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Jordan sets sights on teaching at alma mater

Jordan Simmons-Trott, CedarBridge head boy (Photograph by Sideya Dill)

Helping others to believe in themselves has been a personal mission for Jordan Simmons-Trott, the freshly graduated head boy of CedarBridge Academy.

Now Jordan, 18, is headed off to further his education in the hope of returning home to teach at his alma mater.

“I used to keep to myself,” Jordan told The Royal Gazette. “It wasn’t until I got up to CedarBridge that I noticed there were some of my peers who were a bit lost.”

Conscious of CedarBridge as something of an underdog, Jordan saw that some of his fellow students were “more focused on surviving — education was the last thing on their minds”.

“I took the initiative in S1 to do something about it. I’d had a gift for helping that I had kept for myself.”

Small gestures such as Bible studies with other students before their physics class helped to make a difference in other people’s lives, he said. In particular, Jordan went on to mentor eight young men at the school.

Whether it was students skipping classes, insulting their teachers or bullying other young people because they came from different parts of the island, Jordan learnt that by treating others with respect he could help them to succeed.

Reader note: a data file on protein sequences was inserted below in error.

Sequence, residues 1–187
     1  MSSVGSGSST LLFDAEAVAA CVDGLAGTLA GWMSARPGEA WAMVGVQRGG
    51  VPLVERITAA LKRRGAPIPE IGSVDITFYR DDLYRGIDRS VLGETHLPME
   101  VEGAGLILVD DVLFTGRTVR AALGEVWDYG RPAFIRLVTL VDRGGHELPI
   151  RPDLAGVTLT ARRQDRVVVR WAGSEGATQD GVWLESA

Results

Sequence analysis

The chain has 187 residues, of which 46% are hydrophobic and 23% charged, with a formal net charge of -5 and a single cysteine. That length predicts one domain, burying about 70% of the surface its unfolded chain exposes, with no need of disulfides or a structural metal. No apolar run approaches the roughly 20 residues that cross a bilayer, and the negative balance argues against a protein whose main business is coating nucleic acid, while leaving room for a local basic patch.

“During my last year it was incredible, going up to someone twice my size who was being disrespectful and telling him to stop — not being controlling, just trying to give that little push in the right direction,” he said.

“Once someone finds it in themselves, anything is possible.

“It helps if you know that someone genuinely cares for you.

“Sometimes it hasn’t worked out for the better.

“There was one person I had to leave alone — he wasn’t ready.

“I had to learn ‘to each their own’. I have learnt to back away sometimes. At the end of the day, it’s their lives and it’s their battle.”

His spiritual beliefs, honed at the Cornerstone Bible Fellowship, have been a core part of Jordan’s character.

“God blessed me with the ability to talk to people.

“I’m not into sport. However, I am an avid musician.”

The trombone and now the bagpipes are sources of “joy”, he said.

Heading off soon to college at Mount Allison University in Canada, Jordan said he was inclined to return home as a professor of English, to teach in Bermuda College or back in CedarBridge.

He will be away from his mother, Marie Simmons, father Kenny Trott and sisters Jada and Mya, but Jordan said he can’t wait to go.

“I am so looking forward to it. The next chapter of my life I await with open arms. We shall see where it goes from there.”